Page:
Here’s a little-known fact that helps explain Spa’s fickle weather: Eau Rouge, which is the lowest part of the track, is 40 metres higher than the most elevated point of the M62 motorway near the Yorks/Lancs border.
Jonathan Moorhouse, York
Reactions to our new look…
I like it. Congratulations to you and your team, Nick. When I read that you were ‘tweaking’ the magazine I have to admit to a certain amount of unease. What was considered broken enough to require fixing?
I like the cover; it reflects a magazine that I have been buying for some 45 years but has an up-to-date feel about it.
I am impressed that the two people I enjoy reading the most, Doug Nye and Gordon Cruickshank, have been given slightly more editorial space – along with Simon Arron, who always has something to say that I appreciate. The Garagista feature I can see becoming another new favourite, too.
The actual content of the magazine has not been sacrificed in the slightest and, again reflecting the 45 years I have been reading, the typeface is excellent for eyes that are not as sharp as once they were.
So hearty congratulations to you all, from one very relieved and pleased subscriber!
Paul Butler, Codsall, S Staffordshire
The new cover is fine, but why oh why does the magazine keep on having to change from time to time? The original was fine and a magazine of Motor Sport’s quality can stand proud without the need to constantly change its identity. Having been a reader for more than 40 years, I would love to stay!
Mike Menhenitt, by e-mail
[From a packed mailbag about the magazine changes, we have picked one representative message each way. However, the overwhelming view was positive by a good margin. Ed]
I applaud Douglas Anderson’s efforts to revive the Rest and Be Thankful hill climb and create a Scottish National Motor Sport Heritage centre but I can’t help feeling that £25m ought to produce something of real significance in the hillclimb world. Something to compare with the legendary continental hill climbs or Pikes Peak. Now that the restrictions on the use of public roads have been relaxed, Scotland has the space and the scenery to host a hill climb of at least 5 miles that could become an international attraction.
Kirk Rylands, Crookdake Farm, Aspatria, Wigton, Cumbria
End of story
Richard Williams states in his article on McLaren that Honda pulled out of Grand Prix racing in 1968 due to ‘a lack of success on the track’. The reason Honda withdrew at the end of 1968 was due to the tragic circumstances surrounding the ill-fated air-cooled car. Honda France entered the car for Jo Schlesser in the French Grand Prix at Rouen, against the wishes of John Surtees, who had tested the car for about 25 laps at Silverstone. He advised that it should be returned to Japan for further development, but Honda France wanted it to run at Rouen to help publicise Honda’s air-cooled technology. The unfortunate Jo Schlesser was incinerated in the car on lap 2, and the resultant negative publicity, plus the cost of building it in the first place, which impacted on the funds available for the lightweight V12 car for 1969, is the reason for Honda’s withdrawal.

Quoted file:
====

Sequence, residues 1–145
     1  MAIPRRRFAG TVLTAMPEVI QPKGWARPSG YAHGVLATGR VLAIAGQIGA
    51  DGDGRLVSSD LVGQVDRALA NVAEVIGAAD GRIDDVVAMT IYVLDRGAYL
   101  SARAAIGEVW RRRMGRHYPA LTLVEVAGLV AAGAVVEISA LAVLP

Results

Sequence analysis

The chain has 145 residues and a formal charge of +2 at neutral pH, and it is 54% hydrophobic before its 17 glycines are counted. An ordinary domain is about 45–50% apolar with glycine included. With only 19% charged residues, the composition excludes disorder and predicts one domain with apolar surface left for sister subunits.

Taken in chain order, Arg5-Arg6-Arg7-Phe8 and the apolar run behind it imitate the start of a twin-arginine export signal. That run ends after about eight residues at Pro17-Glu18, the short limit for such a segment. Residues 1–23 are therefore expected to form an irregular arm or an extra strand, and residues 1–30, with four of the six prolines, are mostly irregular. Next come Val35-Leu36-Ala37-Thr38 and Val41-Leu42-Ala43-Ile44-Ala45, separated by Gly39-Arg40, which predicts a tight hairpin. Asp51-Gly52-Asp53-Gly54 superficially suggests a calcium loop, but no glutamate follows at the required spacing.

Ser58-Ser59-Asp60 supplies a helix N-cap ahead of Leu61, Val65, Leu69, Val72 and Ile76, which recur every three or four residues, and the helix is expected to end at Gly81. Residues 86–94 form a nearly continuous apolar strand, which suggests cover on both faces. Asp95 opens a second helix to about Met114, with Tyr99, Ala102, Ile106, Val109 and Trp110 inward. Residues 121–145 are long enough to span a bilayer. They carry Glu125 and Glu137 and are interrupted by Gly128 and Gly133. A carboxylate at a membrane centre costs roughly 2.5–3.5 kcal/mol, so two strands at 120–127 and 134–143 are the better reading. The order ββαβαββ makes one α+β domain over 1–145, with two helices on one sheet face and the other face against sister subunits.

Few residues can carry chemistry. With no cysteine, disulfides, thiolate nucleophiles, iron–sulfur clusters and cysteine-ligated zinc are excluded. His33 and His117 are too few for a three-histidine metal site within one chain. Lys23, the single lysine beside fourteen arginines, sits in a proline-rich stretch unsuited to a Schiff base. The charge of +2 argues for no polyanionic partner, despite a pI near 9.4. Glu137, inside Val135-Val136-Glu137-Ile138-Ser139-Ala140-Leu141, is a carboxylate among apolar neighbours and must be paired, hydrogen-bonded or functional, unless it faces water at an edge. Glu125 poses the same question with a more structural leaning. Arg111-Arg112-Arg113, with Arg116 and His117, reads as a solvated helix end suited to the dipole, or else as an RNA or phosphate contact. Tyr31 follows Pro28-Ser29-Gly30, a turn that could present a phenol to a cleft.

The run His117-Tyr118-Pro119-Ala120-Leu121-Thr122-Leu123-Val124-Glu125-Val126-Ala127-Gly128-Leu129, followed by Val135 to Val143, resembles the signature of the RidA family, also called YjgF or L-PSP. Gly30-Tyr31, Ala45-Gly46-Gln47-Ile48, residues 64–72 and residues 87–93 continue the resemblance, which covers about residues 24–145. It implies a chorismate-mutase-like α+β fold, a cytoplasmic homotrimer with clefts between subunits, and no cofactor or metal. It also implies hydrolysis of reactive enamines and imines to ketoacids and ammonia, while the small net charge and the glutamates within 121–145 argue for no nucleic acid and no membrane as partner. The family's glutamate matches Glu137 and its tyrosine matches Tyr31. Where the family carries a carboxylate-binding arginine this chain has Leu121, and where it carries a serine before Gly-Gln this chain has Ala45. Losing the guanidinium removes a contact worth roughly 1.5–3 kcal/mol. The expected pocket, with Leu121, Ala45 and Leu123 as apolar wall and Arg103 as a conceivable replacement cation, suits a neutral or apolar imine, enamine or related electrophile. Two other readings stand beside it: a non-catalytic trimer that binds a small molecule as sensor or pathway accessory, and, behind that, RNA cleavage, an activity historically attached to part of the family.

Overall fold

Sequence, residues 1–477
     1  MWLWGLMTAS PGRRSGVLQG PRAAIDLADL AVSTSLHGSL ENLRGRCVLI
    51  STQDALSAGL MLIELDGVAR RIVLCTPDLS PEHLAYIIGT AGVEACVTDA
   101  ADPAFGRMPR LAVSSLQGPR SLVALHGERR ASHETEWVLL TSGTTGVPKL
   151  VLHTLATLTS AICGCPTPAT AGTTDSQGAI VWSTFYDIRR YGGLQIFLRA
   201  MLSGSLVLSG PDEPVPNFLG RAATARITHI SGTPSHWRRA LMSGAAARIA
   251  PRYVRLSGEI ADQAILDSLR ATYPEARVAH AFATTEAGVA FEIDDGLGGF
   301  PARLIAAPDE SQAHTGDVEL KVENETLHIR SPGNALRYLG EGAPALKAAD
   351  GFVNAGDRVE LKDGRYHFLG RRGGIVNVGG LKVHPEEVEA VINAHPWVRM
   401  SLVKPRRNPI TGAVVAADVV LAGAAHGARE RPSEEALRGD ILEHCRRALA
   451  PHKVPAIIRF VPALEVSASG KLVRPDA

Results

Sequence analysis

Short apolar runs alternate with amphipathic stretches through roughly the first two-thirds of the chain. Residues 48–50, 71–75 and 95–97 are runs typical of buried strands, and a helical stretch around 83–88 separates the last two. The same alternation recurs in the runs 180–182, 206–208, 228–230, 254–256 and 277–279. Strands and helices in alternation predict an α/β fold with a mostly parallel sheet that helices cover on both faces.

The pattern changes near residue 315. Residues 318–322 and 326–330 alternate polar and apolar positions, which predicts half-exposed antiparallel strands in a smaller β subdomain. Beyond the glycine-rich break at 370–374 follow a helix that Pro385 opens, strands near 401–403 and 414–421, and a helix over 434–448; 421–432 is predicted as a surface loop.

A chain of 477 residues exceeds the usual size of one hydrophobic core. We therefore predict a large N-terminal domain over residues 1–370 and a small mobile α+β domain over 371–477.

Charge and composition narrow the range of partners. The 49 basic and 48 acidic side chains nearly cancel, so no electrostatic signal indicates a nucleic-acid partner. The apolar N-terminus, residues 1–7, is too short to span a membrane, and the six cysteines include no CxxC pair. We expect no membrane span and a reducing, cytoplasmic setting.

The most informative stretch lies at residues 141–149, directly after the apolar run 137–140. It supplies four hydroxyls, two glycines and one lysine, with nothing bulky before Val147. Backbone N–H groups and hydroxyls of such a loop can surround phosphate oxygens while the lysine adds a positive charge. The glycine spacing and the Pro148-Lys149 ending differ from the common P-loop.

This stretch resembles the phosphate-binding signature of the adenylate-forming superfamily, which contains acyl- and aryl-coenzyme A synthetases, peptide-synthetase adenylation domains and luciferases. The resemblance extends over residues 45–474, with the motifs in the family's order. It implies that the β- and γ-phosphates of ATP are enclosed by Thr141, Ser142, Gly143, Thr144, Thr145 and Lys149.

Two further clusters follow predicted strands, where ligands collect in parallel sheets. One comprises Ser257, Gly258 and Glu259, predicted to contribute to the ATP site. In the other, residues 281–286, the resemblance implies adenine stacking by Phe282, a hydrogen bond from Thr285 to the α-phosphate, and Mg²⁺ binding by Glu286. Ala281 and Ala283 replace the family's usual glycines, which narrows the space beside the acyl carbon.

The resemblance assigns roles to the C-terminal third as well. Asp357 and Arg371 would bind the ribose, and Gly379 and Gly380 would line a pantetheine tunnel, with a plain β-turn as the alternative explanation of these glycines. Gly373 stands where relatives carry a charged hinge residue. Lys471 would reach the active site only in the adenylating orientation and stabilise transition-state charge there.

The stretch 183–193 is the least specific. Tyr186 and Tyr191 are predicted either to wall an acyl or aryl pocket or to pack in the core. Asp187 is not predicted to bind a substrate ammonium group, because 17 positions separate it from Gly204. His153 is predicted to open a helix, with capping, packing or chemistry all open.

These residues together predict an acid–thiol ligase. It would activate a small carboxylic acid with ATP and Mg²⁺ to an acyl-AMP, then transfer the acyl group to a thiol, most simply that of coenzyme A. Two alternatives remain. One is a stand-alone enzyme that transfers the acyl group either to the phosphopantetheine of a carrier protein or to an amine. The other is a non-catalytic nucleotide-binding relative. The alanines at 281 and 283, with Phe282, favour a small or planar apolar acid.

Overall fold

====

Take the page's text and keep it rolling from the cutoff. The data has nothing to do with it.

Bill Granger, Nuthall, Notts
Along for the ride
I’ve just finished reading the September issue (I always read the magazine cover to cover). In the Parting Shot picture, can anyone tell me what is lying on the passenger seat of Mike Parkes’ Ferrari during the race?
John Cleland, by e-mail
Neat and Tidy?
Loved the Parting shot in the Sept 2017 magazine but maybe somebody can explain why the 275PFerrari is leaving the pits with a roll of garden border fencing trim rolled up on the passenger seat? Were they partly sponsored by a ‘hedge fund’ or ‘trimming’ the aero package I wonder?
Neil Leigh, Spa, Belgium
Hot shot’s pots
Re the ‘lobster pots’ in the passenger seat of the Ferrari 275P in September’s Parting Shot, were they for getting out of the notorious Le Mans sand banks? Maybe Parkes’s experience in the 1962 race had something to do with it. Driving the Ferrari 330 LMB he ended in the sand banks, and it took him well over half an hour to extricate the car and he finally arrived back at the pits, exhausted, to hand over to Lorenzo Bandini.
So chastened by that experience I presume Parkes wanted to be well prepared should the same happen in the ‘64 race and kept these nets to aid traction out of the sand. He’d probably also have a shovel or spade as well – he certainly didn’t have that in ’62!
David Fox, Schwenksville, PA, USA
Well done in adding Dickie Meaden to your column regulars. His no-nonsense direct comments, from a person of hands-on experience, are brilliant. Could I add further to his September issue as to how with historics in Australia we deal with this delicate issue of overtaking lapping cars with safety? Our rule is simply that the responsibility is in the hands of the overtaking car. To make this work, when the situation arises, whilst lapping cars the overtaking cars competing together will maintain position until the overtaking has been completed. In other words no advantage will be exploited during this period which allows a period of safety and then resumption of ‘full noise’. This was a gentleman’s arrangement for several years but has now been so successful that our governing body (CAMS) has written this into the rule book.
Richard Carter. Sydney.
Halo – and goodbye
Well, this is my last year watching F1, with the advent of the halo, ridiculous-looking cars, daft rules, hybrids etc. Lucky for me that I have a back catalogue of all the races since 1976 – I can now spend my remaining years scouring the past. And of course my monthly supply of this magazine. I’m so glad to have seen F1 live at some fantastic tracks, but alas, bye bye F1.
Warren Webster, Warwick, Queensland, Australia